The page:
A few feet away, surrounded by the other girls, Mrs. Burton was occasionally drinking her tea, but more frequently answering or asking questions. Her custom was to devote one afternoon each week to the ceremonial meeting of the Sunrise Camp Fire. Now and then her visits were interrupted and until to-day she had not been present in several weeks at one of the councils.

Dressed in exquisite taste in olive green, trimmed in an odd, oriental embroidery of green and gold, her dark hair simply dressed, her health entirely restored, the Camp Fire guardian appeared not more than ten years older than the oldest of her group of girls.

"I can't tell you how glad I am that you came directly to us, Gill, without even waiting to telegraph," she was saying at this instant, speaking to the third girl who had entered the little apartment with her only a short time before. She was in deep mourning.

"You will stay on here with us at least until you can make some arrangement you like better," Bettina Graham added, slipping her hand inside her companion's and looking at her with an expression of sympathy and affection.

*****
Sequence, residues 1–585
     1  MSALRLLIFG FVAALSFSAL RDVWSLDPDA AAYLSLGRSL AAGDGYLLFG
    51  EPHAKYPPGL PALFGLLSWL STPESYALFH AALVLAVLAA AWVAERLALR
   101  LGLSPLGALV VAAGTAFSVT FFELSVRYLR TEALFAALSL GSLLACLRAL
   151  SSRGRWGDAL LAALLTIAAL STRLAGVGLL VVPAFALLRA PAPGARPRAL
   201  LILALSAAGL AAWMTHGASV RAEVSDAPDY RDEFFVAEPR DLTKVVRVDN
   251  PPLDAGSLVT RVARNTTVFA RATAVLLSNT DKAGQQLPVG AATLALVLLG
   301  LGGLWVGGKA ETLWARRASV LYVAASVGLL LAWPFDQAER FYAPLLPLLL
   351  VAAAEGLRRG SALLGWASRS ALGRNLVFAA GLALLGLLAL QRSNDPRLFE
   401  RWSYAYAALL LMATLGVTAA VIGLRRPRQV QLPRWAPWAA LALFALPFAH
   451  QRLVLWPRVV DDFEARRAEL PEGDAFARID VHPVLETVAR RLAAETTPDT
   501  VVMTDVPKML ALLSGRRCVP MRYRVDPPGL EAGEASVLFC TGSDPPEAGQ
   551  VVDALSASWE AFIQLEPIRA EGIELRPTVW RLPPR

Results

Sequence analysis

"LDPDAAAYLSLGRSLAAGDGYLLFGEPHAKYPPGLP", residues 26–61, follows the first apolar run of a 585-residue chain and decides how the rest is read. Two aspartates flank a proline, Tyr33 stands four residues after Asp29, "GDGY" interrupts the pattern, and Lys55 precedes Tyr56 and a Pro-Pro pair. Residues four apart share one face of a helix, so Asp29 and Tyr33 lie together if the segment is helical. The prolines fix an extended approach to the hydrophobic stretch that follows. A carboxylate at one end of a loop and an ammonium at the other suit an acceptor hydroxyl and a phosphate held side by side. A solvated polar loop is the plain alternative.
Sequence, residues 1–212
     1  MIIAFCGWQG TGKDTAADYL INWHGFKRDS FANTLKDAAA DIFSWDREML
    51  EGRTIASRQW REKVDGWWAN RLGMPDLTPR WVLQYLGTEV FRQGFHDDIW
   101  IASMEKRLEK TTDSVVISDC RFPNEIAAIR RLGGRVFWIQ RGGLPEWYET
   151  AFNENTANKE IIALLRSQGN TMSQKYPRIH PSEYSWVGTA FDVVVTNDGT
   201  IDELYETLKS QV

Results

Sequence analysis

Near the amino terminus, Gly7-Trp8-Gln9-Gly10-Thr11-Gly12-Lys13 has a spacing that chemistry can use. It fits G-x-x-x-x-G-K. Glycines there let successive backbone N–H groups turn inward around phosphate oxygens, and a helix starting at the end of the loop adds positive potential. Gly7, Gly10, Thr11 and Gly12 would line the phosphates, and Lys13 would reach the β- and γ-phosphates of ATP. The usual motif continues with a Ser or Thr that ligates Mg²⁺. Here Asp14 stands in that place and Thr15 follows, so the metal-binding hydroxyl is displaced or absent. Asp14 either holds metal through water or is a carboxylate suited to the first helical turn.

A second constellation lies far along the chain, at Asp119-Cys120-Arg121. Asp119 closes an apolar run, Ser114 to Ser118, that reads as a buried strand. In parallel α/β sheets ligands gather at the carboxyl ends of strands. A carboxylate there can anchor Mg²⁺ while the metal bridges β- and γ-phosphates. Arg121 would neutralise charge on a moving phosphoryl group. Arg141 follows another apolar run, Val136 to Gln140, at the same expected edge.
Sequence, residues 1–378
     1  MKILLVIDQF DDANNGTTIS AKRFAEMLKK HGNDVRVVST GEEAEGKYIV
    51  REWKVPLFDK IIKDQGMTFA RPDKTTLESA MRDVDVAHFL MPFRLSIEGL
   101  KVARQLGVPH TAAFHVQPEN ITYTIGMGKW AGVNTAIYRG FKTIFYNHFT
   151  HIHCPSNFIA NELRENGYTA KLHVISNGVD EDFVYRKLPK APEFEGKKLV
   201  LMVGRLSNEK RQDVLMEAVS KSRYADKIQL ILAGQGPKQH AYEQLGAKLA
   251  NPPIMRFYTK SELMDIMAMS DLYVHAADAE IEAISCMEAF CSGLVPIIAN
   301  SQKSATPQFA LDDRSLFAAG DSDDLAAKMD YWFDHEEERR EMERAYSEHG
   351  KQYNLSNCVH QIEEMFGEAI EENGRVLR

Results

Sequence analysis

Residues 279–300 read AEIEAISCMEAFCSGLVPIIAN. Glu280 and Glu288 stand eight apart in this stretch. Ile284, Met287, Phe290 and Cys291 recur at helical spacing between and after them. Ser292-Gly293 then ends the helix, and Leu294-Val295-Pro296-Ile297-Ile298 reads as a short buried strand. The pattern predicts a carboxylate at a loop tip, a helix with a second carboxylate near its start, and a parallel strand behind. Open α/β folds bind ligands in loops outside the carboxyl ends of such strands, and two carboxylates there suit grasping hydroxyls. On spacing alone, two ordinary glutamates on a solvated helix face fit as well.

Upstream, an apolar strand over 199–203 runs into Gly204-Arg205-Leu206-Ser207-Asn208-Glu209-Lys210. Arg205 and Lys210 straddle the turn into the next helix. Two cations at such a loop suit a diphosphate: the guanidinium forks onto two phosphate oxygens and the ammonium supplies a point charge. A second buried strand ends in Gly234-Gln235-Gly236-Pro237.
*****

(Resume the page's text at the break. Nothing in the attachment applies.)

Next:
For the first time in their acquaintance Mary Gilchrist's eyes filled with tears.

"I knew no one else would be so kind, or give me such help, so, as soon after my father's death as I could arrange my affairs I started east. But I did write and gave the letter to one of the men on the place to mail. We are several miles from a post-office and I wanted it to go at once. He must have forgotten, so the letter will probably arrive later.

"I have scarcely any relatives. My father left the farm in Kansas to me. Some day I shall go back and try to become a successful farmer, but when that time arrives I hope to take all the Sunrise Camp Fire home with me. At present I felt that I could not live on in the big empty house alone, so I left one of our men in charge and came to you. I know I failed to live up to the ideals of our Camp Fire when we were together last winter at Half Moon Lake, yet I believe you realize I shall try not to fail again."